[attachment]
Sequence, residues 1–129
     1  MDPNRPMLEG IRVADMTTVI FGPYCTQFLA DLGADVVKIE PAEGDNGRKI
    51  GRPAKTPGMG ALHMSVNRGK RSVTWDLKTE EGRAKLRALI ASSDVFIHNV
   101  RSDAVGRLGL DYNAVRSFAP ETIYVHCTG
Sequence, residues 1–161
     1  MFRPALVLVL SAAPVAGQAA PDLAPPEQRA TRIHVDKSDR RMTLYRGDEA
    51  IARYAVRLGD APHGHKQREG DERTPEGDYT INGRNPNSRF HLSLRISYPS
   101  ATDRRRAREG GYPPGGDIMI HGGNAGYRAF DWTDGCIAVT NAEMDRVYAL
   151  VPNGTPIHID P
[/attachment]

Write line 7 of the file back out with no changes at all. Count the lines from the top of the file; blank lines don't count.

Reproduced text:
    51  IARYAVRLGD APHGHKQREG DERTPEGDYT INGRNPNSRF HLSLRISYPS